Tuesday 22 May 2012

Calculating half-life decay in c# .net

Anyway, Im working on a new project which has a game and scoring element to it and I wanted to use a scoring system that would exponentially reduce based on how quickly the user was to respond to an action.  E.g. If you respond really quick you will get a high score, but only a short time later you are going to get a much lower score, but as time goes on the score decreases slow and slower.

So I remembered back to my physic days and remembered half-life decay of radio-active material and I thought, I can do that; write a c# function which starts with an initial number, a start date time, an end date time and a half life time.

A google search revealed loads of examples of the equations needed, see http://lpc1.clpccd.cc.ca.us/lpc/hanna/HistoricalGeology/HalfLifeEquations.pdf for some more thorough examples and descriptions!

Now my maths isn't great, but even I was amazed by how long it took me to write the following function, particularly as it looks so simple now its completed...  Definitely a case of its easy when you know how and all that!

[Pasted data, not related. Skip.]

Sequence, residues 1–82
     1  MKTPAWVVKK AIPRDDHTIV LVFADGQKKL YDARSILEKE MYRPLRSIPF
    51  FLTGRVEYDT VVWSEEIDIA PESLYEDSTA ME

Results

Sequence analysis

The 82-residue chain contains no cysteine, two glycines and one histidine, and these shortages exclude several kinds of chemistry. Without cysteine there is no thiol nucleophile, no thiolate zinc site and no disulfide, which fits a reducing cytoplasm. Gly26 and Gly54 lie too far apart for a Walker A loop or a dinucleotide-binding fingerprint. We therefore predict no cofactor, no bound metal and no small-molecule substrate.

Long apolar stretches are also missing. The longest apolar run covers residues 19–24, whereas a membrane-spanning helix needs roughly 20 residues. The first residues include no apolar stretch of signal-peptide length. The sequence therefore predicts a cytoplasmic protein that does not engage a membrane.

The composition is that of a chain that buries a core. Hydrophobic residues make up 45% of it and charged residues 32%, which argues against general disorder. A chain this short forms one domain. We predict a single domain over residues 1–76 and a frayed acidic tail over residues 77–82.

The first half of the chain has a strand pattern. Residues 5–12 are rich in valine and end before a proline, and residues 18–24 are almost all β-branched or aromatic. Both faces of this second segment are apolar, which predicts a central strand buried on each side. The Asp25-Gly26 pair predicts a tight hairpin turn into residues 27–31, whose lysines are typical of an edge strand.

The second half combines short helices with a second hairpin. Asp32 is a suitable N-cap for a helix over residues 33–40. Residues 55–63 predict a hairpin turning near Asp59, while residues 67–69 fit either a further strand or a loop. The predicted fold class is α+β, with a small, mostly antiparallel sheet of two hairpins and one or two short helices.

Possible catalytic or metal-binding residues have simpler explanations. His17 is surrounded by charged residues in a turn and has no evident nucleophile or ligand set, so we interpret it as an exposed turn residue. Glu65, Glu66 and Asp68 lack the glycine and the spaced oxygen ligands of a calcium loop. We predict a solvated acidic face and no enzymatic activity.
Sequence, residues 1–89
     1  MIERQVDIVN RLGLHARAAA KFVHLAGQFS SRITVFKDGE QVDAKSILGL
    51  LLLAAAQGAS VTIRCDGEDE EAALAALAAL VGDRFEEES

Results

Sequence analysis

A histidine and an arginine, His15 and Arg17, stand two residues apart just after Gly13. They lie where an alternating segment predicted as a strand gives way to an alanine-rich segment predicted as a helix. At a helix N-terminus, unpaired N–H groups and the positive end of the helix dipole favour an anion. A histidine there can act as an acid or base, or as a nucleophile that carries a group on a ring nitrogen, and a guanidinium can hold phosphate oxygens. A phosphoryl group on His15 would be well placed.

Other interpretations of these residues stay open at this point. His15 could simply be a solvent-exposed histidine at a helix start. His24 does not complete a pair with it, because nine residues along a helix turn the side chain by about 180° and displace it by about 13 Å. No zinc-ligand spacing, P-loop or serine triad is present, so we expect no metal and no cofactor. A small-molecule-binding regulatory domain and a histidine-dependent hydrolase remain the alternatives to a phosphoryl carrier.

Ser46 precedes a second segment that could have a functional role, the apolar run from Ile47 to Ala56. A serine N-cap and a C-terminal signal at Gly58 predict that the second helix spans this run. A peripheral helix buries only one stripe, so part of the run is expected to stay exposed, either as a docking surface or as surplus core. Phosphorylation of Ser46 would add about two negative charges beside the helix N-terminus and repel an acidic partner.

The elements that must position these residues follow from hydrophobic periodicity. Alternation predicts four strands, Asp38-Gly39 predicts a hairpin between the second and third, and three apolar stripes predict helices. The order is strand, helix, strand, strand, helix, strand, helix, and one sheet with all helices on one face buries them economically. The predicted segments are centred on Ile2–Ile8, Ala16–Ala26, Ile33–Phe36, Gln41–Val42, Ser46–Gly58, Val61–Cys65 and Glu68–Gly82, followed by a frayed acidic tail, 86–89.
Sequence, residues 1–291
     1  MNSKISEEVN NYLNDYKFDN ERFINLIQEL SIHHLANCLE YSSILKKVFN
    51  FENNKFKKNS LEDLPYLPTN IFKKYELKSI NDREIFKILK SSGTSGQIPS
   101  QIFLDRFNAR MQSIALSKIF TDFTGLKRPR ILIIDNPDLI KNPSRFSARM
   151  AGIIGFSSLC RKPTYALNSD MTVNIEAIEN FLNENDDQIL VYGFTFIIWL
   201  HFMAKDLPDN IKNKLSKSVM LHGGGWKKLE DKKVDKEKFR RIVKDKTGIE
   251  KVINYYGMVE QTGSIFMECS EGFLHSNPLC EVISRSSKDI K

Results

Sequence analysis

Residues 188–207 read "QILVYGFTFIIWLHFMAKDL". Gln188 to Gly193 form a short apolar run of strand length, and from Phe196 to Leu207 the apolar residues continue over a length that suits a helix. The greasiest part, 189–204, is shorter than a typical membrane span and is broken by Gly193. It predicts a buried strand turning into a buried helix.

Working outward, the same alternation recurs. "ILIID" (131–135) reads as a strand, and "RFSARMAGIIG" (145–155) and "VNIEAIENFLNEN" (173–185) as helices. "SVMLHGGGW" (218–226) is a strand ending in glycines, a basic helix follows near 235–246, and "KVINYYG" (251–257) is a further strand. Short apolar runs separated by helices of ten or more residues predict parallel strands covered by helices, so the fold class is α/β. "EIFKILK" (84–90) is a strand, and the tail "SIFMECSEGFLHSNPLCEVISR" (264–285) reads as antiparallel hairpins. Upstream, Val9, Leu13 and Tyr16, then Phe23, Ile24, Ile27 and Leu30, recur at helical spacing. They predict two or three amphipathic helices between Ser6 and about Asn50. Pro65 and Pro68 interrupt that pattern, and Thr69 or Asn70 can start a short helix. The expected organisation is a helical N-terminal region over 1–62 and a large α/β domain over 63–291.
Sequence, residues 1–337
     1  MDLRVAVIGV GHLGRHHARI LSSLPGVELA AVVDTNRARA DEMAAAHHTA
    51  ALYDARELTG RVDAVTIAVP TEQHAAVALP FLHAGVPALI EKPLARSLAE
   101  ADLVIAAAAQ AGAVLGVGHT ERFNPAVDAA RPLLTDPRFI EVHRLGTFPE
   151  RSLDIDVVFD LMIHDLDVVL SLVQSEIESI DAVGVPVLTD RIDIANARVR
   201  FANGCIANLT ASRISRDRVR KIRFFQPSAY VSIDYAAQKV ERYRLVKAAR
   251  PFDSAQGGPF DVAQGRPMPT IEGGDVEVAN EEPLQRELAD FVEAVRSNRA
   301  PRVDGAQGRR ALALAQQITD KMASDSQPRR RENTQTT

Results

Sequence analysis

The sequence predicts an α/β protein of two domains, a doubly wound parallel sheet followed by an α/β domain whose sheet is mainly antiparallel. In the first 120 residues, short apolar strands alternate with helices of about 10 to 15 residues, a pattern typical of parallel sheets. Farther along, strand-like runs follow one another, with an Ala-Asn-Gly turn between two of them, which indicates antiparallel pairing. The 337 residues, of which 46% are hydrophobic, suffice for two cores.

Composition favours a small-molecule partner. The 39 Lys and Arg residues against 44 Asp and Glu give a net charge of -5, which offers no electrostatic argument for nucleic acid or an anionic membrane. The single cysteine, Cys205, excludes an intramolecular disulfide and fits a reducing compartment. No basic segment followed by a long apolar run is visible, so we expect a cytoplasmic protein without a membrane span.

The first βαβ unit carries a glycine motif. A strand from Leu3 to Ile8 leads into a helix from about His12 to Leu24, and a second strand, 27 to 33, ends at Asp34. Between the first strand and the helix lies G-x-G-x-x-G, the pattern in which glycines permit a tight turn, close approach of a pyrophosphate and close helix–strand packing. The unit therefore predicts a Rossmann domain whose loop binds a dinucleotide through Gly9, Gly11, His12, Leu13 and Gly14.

public static double calculateHalfLifeDecay(int startingValue, DateTime startTime, DateTime endTime, int halfLifeInSecs)
            TimeSpan timeSince = endTime.Subtract(startTime);
            double value = startingValue / Math.Pow(2, (timeSince.TotalSeconds / halfLifeInSecs));
            if (value < 1) value += 1;
            value = Math.Round(value);

            return value;

The function also includes some additional logic to ensure the value is never less than 1 and to round it.

No comments:

Post a Comment

Note: only a member of this blog may post a comment.